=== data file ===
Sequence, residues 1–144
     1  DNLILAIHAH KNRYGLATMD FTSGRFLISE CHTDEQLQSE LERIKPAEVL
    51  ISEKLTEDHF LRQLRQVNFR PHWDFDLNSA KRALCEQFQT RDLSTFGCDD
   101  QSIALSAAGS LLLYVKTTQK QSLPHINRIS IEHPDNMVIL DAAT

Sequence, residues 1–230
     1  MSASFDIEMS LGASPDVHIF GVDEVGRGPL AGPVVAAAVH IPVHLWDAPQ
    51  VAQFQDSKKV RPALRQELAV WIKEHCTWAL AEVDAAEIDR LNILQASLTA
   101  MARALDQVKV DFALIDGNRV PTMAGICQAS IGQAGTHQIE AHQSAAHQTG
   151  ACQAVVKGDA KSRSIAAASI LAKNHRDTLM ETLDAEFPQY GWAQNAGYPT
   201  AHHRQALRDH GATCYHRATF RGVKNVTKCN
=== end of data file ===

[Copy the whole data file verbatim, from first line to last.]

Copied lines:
Sequence, residues 1–144
     1  DNLILAIHAH KNRYGLATMD FTSGRFLISE CHTDEQLQSE LERIKPAEVL
    51  ISEKLTEDHF LRQLRQVNFR PHWDFDLNSA KRALCEQFQT RDLSTFGCDD
   101  QSIALSAAGS LLLYVKTTQK QSLPHINRIS IEHPDNMVIL DAAT

Sequence, residues 1–230
     1  MSASFDIEMS LGASPDVHIF GVDEVGRGPL AGPVVAAAVH IPVHLWDAPQ
    51  VAQFQDSKKV RPALRQELAV WIKEHCTWAL AEVDAAEIDR LNILQASLTA
   101  MARALDQVKV DFALIDGNRV PTMAGICQAS IGQAGTHQIE AHQSAAHQTG
   151  ACQAVVKGDA KSRSIAAASI LAKNHRDTLM ETLDAEFPQY GWAQNAGYPT
   201  AHHRQALRDH GATCYHRATF RGVKNVTKCN